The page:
As illustrated, data concentrator 23 includes a real time clock (RTC) 620 of the type 6818 which is connected in parallel to microcontroller 610. In the event that real time clock 341 (FIG. 3) fails due to battery failure, RTC 620 will generate real time data which brings the failed clock into synchronization with the rest of the system when the battery is replaced.
In accordance with the present invention, data concentrator 23 functions independently of personal computer 25 to access and store the latest parameter data associated with each controller 13 (FIG. 1). Personal computer 25 serves only as a window into data concentrator 23 for permitting an operator to view the latest parameter data associated with each controller in the system 11. If desired, personal computer 25 may be used to perform other tasks such as word processing, accounting, or general programming.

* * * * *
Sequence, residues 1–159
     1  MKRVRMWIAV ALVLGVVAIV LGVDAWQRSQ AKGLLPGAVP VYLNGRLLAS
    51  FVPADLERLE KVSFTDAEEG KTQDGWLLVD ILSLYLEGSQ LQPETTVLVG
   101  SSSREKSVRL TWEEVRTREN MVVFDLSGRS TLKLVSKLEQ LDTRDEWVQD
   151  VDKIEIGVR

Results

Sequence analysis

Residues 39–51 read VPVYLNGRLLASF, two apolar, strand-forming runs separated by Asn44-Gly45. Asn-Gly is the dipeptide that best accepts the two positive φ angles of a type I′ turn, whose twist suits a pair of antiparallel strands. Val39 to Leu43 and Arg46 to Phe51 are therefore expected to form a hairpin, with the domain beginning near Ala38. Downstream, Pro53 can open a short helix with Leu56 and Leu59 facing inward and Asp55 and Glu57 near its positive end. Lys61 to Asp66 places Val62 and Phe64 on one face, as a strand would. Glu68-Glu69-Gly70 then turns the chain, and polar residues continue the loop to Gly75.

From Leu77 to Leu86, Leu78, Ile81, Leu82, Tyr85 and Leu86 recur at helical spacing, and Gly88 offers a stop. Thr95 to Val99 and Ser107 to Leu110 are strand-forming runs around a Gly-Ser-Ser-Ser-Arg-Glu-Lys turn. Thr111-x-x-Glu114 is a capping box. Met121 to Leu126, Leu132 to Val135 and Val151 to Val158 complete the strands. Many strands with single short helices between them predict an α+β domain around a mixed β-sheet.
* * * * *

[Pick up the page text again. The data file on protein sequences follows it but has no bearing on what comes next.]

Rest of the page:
In accordance with the preferred mode of the present invention, personal computer 25 executes software which permits the personal computer to periodically sample and store the parameter data stored in RAM 612-617 of data concentrator 23. The personal computer 25 includes a real time clock (now shown) which associates a date and time with each sample of parameter data stored for providing a historical record of events. As understood, in the preferred mode, personal computer may be used to perform various tasks while sampling and storing parameter data from data concentrator 23.